UNITED NATIONS – U.N. Secretary-General Ban Ki-moon’s recent foray to “observe the situation” in earthquake-ravaged Haiti has drawn press outrage.

Earlier today, Ban, with a small group of carefully selected and managed journalists, left Newark Liberty International Airport for a one-day whirlwind tour of Port au Prince, the Haitian capital.

Just which press went with the U.N. chief and how they were accredited has been kept secret, but the exclusive nature of the jaunt elicited an outcry from several outlets and has proved to be only the latest in a series of controversies over how the United Nations manages its relations with the world media.

Ban spokesman Martin Nerisky explained, “We don’t have to tell you anything [on identifying the reporters]. … This is not like naming a soccer team.”

Nesirky also told the U.N. press corps, bluntly, “We are not responsible to you.”

Earlier, a Nesirky staffer admitted that a press list (which he had been compiling since the earthquake) may not go anywhere: “I just do not know what they are going to do with the list.”

The list, it now appears, was no more than a diversion designed to keep news organizations from politicking the U.N. for space on the Haiti trip.

As to the criteria Nesirky used for his press selection, the Ban press secretary admitted it was “personal.”

The original press list, partially obtained by WND, showed the only U.S. presence on the visit to be The New York Times (a Ban favorite) among 10 spots allocated for journalists. The French were given two seats on the U.N. plane.

The exclusion of the Associated Press and Reuters brought howls from the wire services. Late complaints by the wires pressured Nesirky to review his press selections.

Eventually, Nesirky relented and added AP, Reuters, CNN and Voice of America to his select group for future coverage.

Even with the expanded group of journalists, the U.N. still sought fit to snub the three major U.S. broadcast networks, the Fox News Channel, The Wall Street Journal, The Miami Herald, Time magazine and The Times (of London) among many others – all for a trip that appears to be no more than a publicity campaign for the secretary-general.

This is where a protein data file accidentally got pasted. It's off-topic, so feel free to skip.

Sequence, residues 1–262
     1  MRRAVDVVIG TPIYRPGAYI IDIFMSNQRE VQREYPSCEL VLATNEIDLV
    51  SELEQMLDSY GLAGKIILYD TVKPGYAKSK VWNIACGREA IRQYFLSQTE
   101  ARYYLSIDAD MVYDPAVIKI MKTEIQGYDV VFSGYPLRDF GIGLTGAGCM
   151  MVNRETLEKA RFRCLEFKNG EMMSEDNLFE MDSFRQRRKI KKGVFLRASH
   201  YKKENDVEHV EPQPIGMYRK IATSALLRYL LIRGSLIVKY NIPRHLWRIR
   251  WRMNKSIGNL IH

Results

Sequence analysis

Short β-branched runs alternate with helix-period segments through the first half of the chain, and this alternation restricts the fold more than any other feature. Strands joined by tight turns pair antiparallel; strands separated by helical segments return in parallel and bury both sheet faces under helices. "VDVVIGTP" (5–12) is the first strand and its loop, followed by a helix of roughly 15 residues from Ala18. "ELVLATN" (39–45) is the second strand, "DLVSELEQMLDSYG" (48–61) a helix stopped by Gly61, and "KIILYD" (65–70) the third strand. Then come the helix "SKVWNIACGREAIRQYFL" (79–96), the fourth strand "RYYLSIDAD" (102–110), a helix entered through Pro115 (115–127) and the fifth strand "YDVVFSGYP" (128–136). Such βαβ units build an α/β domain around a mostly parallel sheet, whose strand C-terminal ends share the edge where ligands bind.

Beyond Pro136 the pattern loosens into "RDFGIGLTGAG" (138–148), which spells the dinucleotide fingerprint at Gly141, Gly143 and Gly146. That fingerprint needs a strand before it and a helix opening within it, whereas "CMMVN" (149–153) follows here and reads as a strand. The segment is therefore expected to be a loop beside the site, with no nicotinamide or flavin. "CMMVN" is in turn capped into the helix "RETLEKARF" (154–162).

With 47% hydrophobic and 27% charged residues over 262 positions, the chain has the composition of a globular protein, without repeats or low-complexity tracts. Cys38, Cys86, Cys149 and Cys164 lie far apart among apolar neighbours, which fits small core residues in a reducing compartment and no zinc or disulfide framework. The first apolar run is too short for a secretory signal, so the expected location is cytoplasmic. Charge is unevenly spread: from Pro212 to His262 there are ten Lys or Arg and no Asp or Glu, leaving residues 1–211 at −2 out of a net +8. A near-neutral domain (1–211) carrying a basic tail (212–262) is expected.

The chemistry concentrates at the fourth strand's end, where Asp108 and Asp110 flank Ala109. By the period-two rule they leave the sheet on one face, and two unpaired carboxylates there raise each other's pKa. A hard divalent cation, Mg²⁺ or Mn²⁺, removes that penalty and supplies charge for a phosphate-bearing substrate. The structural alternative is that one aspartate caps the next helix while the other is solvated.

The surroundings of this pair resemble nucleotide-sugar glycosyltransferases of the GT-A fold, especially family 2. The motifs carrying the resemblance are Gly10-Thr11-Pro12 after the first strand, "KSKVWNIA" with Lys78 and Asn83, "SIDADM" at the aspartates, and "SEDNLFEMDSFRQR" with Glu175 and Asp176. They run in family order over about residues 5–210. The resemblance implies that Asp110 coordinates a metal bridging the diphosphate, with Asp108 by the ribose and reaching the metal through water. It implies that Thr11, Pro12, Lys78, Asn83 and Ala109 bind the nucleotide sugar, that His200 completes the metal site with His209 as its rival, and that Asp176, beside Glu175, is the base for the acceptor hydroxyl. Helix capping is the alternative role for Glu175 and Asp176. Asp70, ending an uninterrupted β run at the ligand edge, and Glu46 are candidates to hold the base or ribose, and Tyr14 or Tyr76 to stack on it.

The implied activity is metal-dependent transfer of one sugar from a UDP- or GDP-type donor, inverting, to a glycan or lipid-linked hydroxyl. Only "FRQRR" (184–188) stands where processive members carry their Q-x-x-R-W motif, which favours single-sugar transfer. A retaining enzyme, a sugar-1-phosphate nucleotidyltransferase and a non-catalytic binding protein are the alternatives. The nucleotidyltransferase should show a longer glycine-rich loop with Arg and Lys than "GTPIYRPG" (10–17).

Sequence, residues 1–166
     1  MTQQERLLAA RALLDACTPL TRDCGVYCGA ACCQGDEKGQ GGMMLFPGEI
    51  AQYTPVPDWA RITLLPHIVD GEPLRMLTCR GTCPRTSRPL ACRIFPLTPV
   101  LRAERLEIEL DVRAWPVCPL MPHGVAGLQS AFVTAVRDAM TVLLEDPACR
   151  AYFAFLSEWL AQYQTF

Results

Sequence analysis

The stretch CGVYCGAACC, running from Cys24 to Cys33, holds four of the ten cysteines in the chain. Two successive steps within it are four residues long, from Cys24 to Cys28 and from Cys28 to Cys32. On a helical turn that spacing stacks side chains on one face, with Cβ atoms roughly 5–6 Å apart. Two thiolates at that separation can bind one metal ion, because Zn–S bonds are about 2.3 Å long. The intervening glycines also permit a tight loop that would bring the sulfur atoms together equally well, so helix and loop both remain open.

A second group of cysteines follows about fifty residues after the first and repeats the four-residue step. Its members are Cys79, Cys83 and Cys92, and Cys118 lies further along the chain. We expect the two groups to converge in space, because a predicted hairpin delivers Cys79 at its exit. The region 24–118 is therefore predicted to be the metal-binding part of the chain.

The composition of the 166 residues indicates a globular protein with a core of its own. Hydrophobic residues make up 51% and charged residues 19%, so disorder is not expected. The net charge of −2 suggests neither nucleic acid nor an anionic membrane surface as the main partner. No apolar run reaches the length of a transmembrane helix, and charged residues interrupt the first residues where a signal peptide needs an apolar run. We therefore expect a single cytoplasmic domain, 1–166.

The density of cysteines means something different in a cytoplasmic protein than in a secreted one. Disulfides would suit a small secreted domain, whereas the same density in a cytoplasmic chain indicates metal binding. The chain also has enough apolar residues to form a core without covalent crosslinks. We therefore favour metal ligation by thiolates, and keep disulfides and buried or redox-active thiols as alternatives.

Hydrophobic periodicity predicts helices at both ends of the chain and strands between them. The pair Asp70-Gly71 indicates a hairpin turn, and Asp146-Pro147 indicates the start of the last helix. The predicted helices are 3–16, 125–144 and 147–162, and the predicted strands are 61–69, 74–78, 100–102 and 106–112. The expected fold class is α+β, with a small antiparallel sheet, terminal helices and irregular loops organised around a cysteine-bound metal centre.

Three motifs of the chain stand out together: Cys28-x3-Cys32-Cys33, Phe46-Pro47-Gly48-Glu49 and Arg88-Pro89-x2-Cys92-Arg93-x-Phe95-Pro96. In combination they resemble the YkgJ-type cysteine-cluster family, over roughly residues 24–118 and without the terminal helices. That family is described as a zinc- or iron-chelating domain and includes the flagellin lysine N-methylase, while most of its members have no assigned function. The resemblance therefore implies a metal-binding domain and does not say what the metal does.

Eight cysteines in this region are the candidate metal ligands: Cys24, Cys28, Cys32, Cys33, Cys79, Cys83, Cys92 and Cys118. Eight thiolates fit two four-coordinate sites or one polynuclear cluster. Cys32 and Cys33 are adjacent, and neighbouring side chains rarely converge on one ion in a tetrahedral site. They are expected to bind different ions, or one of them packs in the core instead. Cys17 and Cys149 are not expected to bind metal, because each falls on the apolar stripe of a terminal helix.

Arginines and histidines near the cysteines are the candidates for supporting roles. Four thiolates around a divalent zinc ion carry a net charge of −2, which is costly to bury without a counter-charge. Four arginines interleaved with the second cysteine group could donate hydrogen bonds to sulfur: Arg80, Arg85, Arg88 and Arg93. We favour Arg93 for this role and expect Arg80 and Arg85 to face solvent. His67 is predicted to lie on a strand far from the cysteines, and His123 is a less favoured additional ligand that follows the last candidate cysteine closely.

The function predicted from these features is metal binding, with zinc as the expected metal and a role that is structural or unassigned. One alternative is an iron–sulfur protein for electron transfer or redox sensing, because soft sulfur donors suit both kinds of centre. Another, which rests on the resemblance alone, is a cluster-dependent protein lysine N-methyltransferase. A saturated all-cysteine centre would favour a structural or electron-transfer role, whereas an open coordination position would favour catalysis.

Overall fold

Ban, it is believed, wants to use the Haitian catastrophe to bolster his leadership image. The former South Korean foreign minister is in his third year of a five-year term and may be seeking a second term in 2011. And yet, a recent poll showed that almost 60 percent of Americans do not know who Ban Ki-moon is. Ban’s staff hopes that a carefully orchestrated visit to Haiti will begin to address that problem.

Preceding the U.N. chief, Secretary of State Hillary Clinton visited the region yesterday. Former President Bill Clinton is the U.N.’s special Haitian envoy but conspicuously did not accompany Ban to Haiti.

The latest U.N. credential fiasco comes on top of frustration after numerous media organizations (including WND) experienced accreditation problems with the U.N. during the recent climate summit in Copenhagen. At that time, too, the U.N. refused to release the identities of those who received press access.

The United States Mission to the United Nations, which had been actively involved in opening press access at the U.N. during the tenures of ambassadors John D. Negroponte, John Bolton and Zalmay Khalilzad, has been silent under current Permanent Representative Susan Rice.

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